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Capitals newcomer Nate Schmidt soaks up Steve Oleksy’s lessons
Question of the Day
When Nate Schmidt signed with the Capitals last season and was sent to Hershey of the AHL, Steve Oleksy provided something that really helped Schmidt out.
It was a place to stay. Oleksy had recently been recalled by the Caps and Schmidt took over his living space.
When Schmidt was recalled by the Caps last week, Oleksy was there to help again. This time, he offered his brain. Oleksy became Schmidt's mentor as well as his defensive partner.
"I got really amped up for the first game and he helped calm me down," Schmidt, 22, said. "He's been great to me, all the defensive guys have. Steve's been through it all and I'm really ecstatic to play with him."
Caps coach Adam Oates didn't factor mentoring into his decision to pair Schmidt with Oleksy. He likes to have a right-handed shot (Oleksy) pair with a left-handed shot. That there is some mentoring going is more of a bonus.
Oates recalled the relationships he built over his long playing career, mentioning guys like Doug Halward, Brett Hull and current Ottawa coach Paul MacLean.
"We became good buddies, talked hockey a lot," Oates said.
That's what Oleksy is trying to do with Schmidt, even as he continues to learn about life in the NHL himself.
The Caps defensive corps is an interesting group, particularly when John Erskine is injured and not in the lineup. Even with him, there's a good bit of inexperience. Without him — and the Caps are unsure if he'll be back for Wednesday's home game against the Rangers — the inexperience level goes from a good bit to considerable.
Washington has three defensemen who have combined for 948 games in Mike Green (439), Karl Alzner (269) and John Carlson (240). Oleksy, Schmidt and Alexander Urbom have a combined 51 games, and Oleksy has 32 of those.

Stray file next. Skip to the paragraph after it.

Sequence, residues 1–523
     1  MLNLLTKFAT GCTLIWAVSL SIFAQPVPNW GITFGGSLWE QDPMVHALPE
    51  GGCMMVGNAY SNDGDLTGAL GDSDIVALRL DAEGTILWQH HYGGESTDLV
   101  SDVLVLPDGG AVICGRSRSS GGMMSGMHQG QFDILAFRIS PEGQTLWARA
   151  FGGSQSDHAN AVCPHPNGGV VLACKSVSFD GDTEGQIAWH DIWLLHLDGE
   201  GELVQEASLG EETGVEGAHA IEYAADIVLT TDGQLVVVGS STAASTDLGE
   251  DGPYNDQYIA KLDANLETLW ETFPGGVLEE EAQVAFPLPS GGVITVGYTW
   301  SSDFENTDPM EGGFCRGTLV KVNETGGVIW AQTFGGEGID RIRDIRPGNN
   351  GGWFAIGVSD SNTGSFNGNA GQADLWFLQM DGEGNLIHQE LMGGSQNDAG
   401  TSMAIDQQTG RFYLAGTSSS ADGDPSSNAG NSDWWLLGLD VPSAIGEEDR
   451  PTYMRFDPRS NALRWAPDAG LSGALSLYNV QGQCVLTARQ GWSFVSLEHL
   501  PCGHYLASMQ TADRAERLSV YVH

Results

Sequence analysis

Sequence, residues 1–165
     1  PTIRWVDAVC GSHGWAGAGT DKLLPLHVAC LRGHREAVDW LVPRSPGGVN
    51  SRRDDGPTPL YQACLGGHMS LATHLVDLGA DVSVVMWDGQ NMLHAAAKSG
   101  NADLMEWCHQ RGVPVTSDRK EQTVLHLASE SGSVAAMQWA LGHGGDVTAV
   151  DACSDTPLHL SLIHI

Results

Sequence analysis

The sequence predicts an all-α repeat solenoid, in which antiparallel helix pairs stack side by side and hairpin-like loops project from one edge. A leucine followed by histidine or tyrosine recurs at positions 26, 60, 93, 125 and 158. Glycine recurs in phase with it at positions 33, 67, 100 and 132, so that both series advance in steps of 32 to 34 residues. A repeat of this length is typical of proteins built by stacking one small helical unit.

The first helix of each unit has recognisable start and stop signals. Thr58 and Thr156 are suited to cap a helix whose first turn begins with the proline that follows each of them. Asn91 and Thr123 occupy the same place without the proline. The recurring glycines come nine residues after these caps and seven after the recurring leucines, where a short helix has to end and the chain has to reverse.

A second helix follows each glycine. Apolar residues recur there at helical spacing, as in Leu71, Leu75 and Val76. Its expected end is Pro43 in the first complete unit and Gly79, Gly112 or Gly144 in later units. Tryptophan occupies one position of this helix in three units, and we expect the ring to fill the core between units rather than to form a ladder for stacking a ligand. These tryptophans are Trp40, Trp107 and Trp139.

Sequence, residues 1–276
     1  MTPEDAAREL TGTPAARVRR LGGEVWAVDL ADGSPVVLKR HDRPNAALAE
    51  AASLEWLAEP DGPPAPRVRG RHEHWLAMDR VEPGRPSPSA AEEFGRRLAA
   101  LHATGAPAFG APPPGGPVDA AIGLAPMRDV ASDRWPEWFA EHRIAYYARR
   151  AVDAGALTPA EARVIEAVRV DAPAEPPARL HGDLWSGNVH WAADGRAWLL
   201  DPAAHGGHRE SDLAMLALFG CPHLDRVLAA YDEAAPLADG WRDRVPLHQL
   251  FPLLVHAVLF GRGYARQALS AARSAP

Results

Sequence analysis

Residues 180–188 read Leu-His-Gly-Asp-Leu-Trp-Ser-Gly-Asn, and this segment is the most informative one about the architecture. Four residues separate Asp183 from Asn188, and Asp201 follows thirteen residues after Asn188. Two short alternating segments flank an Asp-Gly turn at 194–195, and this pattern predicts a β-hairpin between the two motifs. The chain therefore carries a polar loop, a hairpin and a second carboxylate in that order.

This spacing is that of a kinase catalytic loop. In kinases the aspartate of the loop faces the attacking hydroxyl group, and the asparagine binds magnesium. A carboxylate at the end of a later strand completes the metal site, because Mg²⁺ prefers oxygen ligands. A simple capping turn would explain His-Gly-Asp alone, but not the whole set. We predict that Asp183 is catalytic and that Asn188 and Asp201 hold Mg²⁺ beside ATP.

Oleksy is definitely the captain of the new crew. At 27, he's five years older than Schmidt and Urbom. He's been a pro since 2009, playing in three minor leagues before getting his first NHL look last season.
"I feel very comfortable in that role," Oleksy said of serving as a mentor. "Obviously I haven't played the number of games other guys have at this level. Being my fifth year as a pro, through the minor leagues and different teams and situations, I've been through a lot and learned a lot. Anything I can pass down to those guys, I like doing it.
"Guys like Schmitty are excited and willing to learn, which is huge. I feel I can offer a lot of help, even though I haven't played that many [NHL] games."
Given the way he has to play, Oleksy may be a more ideal mentor than some of his more experienced teammates.
He tries to be a solid, stay-at-home defender who isn't afraid of the occassional fight. He's not flashy. The Caps have plenty of that elsewhere, including the defensive corps. He knows the game well. And he shouldn't sell himself short on his puck movement. Two of the Caps' better passes in recent games came from him — one to Brooks Laich for a goal Monday in a victory over Edmonton and a beauty to Marcus Johansson for a goal in last season's playoffs against the Rangers.
"The simpler I can keep my game, the more successful I'm going to be," Oleksy said. "I'm not going to run around and try to be offensive. Make the good pass, contribute where I can. I try to bring a lot of energy, be strong defensively, bring a physical presence, chip in offensively wherever I can."
The best advice he's given thus far is "communicate," Schmidt said. "Make sure to communicate and a lot of things will take care of themselves. That's what we're trying to do on the ice. We're comfortable with each other. We're developing a chemistry. We started developing it a little bit in training camp."
It's difficult to judge Schmidt's progress after just two games, though Oates' initial impression of Schmidt is favorable.
"He moves the puck well, sees the ice well. He's handled the speed of the game better than I thought he would, which is great," Oates said.
It's also not a guarantee he and Oleksy will continue as a pair when Erskine returns. But no matter how the pairings fall, Schmidt will always have a willing and ready ear.
"He's a great kid with tools, a lot of upside," Oleksy said. "He has a great mind for the game, which is very important. He enjoys the sport and he's excited to learn."
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About the Author
Washington Times sports editor Mike Harris has more than 30 years experience in the business as a reporter, columnist and manager. He’s covered a wide variety of events including two Olympics, horse racing, auto racing, professional and college sports. E-mail him at firstname.lastname@example.org and follow the section on Twitter @WashTimesSports.
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